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Microsoft's Security Fix Not So Secure

Microsoft Corp.'s first major foray into the Internet security software business, a network security product called Internet Security and Acceleration, was released with a bug that could prompt a so-called "denial of service" attack.

The Redmond, Wash.-based software giant offered a fix to the product on its Web site Monday, about two weeks after the Toronto Internet security consulting company FSC Internet Corp. alerted it to the problem.

The first version of Internet Security and Acceleration, or ISA, was released Feb. 14 as a firewall and proxy service designed to protect business computer networks.

FSC Internet Corp. chief executive Richard Reiner's investigation found that if one of the product's features, called Web publisher, was running, an outside user could send a series of commands to the server that would prevent people from accessing the network's Web sites. It also would prevent those inside the network from surfing the Web.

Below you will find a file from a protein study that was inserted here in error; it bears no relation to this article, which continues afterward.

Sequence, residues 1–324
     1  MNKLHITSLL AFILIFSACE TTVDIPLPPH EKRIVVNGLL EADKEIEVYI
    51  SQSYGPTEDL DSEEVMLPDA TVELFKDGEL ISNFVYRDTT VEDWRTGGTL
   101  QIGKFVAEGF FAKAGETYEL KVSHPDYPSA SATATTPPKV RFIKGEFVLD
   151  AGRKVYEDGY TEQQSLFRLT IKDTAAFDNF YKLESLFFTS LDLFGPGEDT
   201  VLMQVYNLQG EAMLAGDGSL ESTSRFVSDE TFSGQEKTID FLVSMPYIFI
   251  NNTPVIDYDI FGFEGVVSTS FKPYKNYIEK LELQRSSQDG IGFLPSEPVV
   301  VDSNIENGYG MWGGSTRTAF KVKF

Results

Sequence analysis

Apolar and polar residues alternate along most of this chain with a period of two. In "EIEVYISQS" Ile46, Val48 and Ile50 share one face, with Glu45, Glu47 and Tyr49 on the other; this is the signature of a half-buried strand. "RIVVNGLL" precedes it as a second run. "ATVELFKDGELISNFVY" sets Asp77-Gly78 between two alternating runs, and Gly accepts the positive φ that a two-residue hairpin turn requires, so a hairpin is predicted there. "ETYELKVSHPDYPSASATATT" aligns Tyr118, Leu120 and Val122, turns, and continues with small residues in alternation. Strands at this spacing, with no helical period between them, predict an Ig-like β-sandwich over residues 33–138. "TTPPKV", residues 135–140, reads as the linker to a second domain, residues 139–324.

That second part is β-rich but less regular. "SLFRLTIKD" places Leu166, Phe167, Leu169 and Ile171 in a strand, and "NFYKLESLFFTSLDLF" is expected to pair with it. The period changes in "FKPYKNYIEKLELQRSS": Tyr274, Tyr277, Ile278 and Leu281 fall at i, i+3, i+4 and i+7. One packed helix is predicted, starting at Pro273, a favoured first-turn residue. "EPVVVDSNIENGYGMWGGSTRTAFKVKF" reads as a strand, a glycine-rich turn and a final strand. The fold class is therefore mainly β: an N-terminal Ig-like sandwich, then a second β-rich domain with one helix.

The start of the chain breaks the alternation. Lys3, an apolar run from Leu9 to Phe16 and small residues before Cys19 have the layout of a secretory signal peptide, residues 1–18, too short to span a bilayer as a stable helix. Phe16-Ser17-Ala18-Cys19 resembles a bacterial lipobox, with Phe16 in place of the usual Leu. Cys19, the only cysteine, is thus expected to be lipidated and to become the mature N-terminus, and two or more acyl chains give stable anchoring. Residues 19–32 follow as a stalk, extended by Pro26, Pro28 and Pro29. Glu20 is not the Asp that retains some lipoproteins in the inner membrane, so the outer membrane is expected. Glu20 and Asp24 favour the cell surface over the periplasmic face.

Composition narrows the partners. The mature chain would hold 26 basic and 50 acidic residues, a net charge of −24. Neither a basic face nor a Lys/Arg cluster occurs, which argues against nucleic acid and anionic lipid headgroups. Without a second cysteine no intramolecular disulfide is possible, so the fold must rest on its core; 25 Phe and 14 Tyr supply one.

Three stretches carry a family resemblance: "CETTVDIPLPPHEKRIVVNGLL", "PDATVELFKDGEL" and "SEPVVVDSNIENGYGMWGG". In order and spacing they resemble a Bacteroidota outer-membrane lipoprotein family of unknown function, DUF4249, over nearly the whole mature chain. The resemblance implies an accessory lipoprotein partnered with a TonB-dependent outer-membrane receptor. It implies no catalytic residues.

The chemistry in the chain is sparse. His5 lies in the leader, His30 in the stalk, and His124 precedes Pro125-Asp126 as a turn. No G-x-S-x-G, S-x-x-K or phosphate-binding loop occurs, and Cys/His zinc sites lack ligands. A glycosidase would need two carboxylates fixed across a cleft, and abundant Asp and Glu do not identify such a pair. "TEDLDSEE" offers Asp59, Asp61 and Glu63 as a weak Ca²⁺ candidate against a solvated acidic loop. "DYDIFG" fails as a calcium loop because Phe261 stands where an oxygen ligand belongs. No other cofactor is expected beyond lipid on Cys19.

Even without the Web publishing feature running, someone inside the network could have sent the string of commands to prompt the denial of service.

The flaw would not have allowed a hacker to access the network to get information, Microsoft security program manager Scott Culp said.

Reiner said he was concerned that he discovered the problem relatively easily, after about 15 minutes of routine testing.

"In what is essentially a firewall product, it's very unusual to see a flaw like this," Reiner said.

Culp said the product had been well-scrutinized and extensively tested, and that it is being used on Microsoft's own Web sites.

"We know that software always has bugs and that some of those bugs will always affect security," Culp said. "The fact that someone happened onto this bug doesn't say anything about the quality of the code."

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